The Ingham Analytics Weekly Letter on Sunday - 14 February 2021

Sunday, 14 February 2021

Welcome to our Ingham Analytics Weekly Letter on Sunday where we take a step back to see wood for trees - not too seriously, and with a touch of humour.

A Happy New Year to our Chinese readers. The year of the Ox takes over from the year of the Rat. We wish all of you a much less challenging year than that just past.

The New Year was on Friday, but celebrations will last for a fortnight. In mainland China the public holiday began this Thursday and will continue through Wednesday this coming week.

For those trading stock exchanges the Hong Kong exchange will be closed on Monday, but the Singapore exchange will be open whilst Shanghai will open again next Thursday.

The celebrations this year will be tempered by pandemic caution on mixing and travel, but people can still have a welcome break. In Singapore, the government has implored folk not to utter auspicious sayings but, as the Prime Minister was quoted, "say them in your hearts instead." One enterprising fellow created a mobile website that lets you play voice recordings of traditional sayings. Anyway, one can still enjoy abundance throughout the year, even if quietly, and, with gold this week still a relatively firm $1,800/oz, may your floor be covered with gold.

The order of Chinese zodiacs seemingly came about through a mythical race to a finish line at the Jade Emperor's party, with the Rat getting pole position and the Ox runner up having carried Rat along, who then cunningly jumped off at the finish to claim first place. The Ox though takes first prize for honesty, reliability and humility.

Let's hope that with vaccines and behavioural shifts we can all get back to a low-key normality and away from the hypertension of the pandemic world.

With China enjoying a rapid economic recovery from the pandemic-induced downturn it is a locomotive for the world. Iron ore is a useful barometer of China's industrial bounce back with benchmark 62% Fe fines imported into Northern China $160/t this week, double the level of a year ago.

This iron ore buoyancy has had benefits for Australia which counts iron ore as its most valuable export, and with it a strengthening Australian dollar which has recovered from an all-time low of AUD1.80/USD last March, the height of the pandemic market selloffs, to AUD1.29/USD. BHP shares are also up sharply, from a 52-week low of AUD24 to AUD45 on the ASX.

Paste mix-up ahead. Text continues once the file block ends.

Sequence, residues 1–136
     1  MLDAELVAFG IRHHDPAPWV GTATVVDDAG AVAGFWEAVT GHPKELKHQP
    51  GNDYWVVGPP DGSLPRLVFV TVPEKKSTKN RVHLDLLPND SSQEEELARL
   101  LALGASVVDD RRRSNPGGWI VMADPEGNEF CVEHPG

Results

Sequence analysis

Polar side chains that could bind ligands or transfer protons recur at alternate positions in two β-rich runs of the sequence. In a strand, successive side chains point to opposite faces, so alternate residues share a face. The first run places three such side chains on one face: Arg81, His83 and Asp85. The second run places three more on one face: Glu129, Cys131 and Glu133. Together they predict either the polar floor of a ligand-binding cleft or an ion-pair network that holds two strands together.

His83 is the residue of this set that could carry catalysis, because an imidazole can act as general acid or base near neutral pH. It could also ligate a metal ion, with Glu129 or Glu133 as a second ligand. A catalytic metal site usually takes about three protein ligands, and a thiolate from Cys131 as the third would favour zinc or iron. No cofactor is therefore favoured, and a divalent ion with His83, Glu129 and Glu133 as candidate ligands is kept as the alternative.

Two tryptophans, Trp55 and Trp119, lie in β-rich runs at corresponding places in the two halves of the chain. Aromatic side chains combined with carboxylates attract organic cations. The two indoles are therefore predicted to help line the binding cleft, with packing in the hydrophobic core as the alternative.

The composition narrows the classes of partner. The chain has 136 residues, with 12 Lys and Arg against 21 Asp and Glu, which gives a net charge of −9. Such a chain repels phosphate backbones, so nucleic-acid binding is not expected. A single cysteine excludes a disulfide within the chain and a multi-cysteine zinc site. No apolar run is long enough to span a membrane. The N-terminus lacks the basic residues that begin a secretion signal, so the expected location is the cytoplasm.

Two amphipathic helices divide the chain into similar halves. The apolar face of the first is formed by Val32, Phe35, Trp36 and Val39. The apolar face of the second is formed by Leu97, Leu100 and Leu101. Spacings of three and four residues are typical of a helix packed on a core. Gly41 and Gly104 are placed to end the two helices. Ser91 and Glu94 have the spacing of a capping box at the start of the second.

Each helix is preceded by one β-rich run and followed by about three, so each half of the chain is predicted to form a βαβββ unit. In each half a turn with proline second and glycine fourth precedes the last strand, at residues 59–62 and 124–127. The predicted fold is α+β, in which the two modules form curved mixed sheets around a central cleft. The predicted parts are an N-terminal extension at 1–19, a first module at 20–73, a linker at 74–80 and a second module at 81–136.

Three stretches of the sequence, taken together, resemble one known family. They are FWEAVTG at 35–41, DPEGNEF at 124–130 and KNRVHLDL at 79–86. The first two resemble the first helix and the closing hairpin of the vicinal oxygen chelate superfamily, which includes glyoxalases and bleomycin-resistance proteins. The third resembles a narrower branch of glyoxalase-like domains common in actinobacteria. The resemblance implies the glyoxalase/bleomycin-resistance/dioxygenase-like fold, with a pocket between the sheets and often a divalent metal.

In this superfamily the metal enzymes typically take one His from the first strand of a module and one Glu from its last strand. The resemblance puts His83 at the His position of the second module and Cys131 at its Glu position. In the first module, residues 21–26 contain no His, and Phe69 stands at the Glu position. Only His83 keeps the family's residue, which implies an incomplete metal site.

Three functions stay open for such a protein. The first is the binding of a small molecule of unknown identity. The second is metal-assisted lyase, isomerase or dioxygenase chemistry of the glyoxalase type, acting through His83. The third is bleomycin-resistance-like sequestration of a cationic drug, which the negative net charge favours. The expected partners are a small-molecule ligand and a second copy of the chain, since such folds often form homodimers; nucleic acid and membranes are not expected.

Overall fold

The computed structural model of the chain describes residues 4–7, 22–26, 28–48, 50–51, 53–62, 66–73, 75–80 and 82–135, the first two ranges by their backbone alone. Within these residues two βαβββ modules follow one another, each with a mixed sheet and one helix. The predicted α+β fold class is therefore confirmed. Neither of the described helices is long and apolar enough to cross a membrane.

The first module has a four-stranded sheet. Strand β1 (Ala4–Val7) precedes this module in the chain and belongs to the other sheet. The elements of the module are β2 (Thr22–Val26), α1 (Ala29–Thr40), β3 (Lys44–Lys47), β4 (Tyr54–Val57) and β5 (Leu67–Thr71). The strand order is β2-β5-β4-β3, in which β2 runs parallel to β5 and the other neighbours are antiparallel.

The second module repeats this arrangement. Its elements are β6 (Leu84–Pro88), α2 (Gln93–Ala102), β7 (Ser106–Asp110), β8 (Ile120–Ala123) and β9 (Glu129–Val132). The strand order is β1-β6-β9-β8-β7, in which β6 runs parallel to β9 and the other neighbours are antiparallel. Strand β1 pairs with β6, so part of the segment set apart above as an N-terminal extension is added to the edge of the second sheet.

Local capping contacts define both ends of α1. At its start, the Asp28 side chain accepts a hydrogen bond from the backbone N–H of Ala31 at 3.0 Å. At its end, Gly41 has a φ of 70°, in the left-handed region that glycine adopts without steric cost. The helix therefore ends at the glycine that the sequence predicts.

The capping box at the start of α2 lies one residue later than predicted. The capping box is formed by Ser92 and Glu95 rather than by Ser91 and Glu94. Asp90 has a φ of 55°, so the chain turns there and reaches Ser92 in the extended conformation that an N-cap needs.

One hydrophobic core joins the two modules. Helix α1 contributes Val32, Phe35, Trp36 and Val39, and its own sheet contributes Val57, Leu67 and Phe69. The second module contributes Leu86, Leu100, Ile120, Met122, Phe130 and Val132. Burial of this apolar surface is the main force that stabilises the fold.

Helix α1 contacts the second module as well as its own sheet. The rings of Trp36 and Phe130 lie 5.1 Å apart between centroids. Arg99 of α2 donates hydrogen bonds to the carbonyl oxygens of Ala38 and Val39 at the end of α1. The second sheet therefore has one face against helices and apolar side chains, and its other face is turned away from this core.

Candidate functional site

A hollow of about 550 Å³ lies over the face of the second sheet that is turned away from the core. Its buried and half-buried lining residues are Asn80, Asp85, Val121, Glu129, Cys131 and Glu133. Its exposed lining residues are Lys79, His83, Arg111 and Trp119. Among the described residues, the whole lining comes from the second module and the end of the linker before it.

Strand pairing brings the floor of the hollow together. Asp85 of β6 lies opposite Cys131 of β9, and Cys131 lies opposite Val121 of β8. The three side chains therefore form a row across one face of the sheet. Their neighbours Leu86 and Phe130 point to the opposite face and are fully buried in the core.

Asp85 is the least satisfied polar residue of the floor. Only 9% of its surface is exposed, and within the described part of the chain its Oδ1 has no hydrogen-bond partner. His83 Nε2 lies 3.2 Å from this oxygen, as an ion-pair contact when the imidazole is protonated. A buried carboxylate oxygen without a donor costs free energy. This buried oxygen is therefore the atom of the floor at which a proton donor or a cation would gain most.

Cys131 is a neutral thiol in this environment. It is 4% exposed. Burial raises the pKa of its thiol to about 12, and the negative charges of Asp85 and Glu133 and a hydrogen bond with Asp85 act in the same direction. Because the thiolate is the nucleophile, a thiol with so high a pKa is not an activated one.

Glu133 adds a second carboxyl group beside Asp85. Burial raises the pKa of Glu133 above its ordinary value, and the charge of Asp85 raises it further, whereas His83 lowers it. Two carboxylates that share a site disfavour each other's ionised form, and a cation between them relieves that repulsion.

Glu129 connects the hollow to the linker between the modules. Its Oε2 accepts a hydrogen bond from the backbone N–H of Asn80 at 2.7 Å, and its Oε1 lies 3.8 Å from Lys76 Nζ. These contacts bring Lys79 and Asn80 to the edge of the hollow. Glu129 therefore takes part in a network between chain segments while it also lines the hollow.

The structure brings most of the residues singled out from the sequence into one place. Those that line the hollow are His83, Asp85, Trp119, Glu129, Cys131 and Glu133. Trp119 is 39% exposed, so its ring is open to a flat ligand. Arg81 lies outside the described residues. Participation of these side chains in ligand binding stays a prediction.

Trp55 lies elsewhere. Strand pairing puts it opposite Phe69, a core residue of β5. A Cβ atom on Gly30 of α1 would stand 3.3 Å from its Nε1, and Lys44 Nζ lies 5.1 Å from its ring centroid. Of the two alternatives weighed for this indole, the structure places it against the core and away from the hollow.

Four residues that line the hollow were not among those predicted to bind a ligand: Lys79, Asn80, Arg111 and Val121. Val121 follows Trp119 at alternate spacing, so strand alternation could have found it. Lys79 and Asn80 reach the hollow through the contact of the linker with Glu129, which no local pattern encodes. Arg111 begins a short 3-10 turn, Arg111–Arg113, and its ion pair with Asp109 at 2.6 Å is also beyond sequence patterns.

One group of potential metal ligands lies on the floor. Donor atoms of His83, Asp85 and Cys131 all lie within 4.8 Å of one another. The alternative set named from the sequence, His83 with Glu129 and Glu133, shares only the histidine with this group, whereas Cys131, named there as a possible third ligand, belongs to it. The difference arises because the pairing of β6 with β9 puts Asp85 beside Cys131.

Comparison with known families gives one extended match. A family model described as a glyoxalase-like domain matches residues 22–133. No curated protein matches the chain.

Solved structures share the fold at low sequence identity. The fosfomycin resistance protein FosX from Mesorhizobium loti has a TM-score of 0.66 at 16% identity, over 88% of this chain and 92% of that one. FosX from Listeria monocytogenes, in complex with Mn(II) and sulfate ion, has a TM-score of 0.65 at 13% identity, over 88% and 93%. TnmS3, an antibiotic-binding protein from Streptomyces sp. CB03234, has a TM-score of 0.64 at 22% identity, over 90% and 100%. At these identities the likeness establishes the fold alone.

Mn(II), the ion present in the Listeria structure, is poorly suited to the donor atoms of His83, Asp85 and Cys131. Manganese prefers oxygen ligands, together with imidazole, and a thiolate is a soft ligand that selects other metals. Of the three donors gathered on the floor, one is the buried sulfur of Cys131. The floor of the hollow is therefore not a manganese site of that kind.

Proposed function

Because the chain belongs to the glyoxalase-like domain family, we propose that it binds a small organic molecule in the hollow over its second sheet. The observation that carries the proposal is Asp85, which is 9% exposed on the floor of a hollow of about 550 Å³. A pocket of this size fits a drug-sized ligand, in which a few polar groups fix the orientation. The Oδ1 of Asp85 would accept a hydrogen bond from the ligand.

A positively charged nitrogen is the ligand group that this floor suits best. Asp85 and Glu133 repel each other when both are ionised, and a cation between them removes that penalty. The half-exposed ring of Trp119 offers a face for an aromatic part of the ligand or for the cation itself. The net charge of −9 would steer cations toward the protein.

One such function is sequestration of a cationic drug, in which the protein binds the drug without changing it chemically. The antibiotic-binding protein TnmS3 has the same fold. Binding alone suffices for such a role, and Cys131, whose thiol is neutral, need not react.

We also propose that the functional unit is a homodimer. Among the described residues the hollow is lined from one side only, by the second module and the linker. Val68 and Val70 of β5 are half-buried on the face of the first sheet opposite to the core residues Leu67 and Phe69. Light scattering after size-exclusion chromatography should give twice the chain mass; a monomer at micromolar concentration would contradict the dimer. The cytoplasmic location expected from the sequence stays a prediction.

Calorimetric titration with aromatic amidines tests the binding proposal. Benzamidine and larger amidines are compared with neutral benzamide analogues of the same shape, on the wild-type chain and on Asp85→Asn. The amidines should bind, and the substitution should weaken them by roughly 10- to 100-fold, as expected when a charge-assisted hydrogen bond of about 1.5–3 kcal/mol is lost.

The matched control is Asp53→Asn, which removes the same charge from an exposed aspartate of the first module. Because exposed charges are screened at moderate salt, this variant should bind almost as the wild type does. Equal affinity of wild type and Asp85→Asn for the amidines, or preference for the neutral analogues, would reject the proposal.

As you will have read last week, we regularly assess developments in the Asia-Pacific region given its rising clout in the world. Investment opportunities are gathering apace. The region is also increasingly at the forefront of academic peer-reviewed research articles.

This week we issued a note entitled "Kuaishou bounce" which analysed the listing of Kuaishou Technology (stock code HKG:1024) and what we can expect from Tencent, which is the largest single corporate shareholder in the video-sharing mobile app.

Kuaishou apparently means "fast hand" in Chinese. The company competes with ByteDance, a rival Chinese company behind TikTok and sister app Douyin. The service offers a broad range of videos with 40% of videos getting over 100 views which means it is targeting a mass market.

Tencent will end the financial year strongly and is scheduled to report on 24 March. We have earnings per share of RMB12.91 for the twelve months ending December 2020, a rise of 29.5% from the RMB9.96 of 2019. Our three-year compound EPS growth estimate is 24%.

We estimate a dividend of HK$1.50 for 2020. Seeing as Prosus has a 31.2% shareholding in Tencent the annual dividend income for 2020 is $577m in USD, the largest single source of cash for Prosus as the rump loses money.

The share price of Tencent, last quoted at HK$757 for a market cap equivalent to $938 billion, has had a strong run and we struggle now to see value as the metrics we assess are well above historic averages. Earnings are growing in double digits, but you are now paying a hefty price for those earnings, the highest in a long time. It is like the price earnings ratio inflation we've referred to previously in so-called tech shares in the US.

Prosus and Naspers have not joined the party and have lagged way behind with the discount to the see-through value of the shareholding in Tencent at a record level this week.

For useful background research on markets, we'd recommend checking out the Investment Analysts Journal, owned by the Investment Analysts Society of South Africa and published by top academic publisher Taylor & Francis in Oxford. The IAJ is a widely accredited and cited peer reviewed journal with international reach. The bar to getting an article published is tough and getting tougher.

The IAJ has just published "Stock price prediction using multiple valuation methods based on artificial neural networks for KOSDAQ IPO companies." With the Kuaishou Technology IPO last week this will be of particular interest.

The paper was authored by two academics from Seoul Business School. We believe this to be a timely addition to the body of knowledge given that we are seeing a stock-listings boom in Asia. In less than one week the market cap of Kuaishou Technology exceeds $200bn, that is 3.5x what the pre-IPO valuation of $60 billion indicated. In their abstract, the authors say "It is difficult to predict future payoffs for initial public offerings" - too right, gentlemen.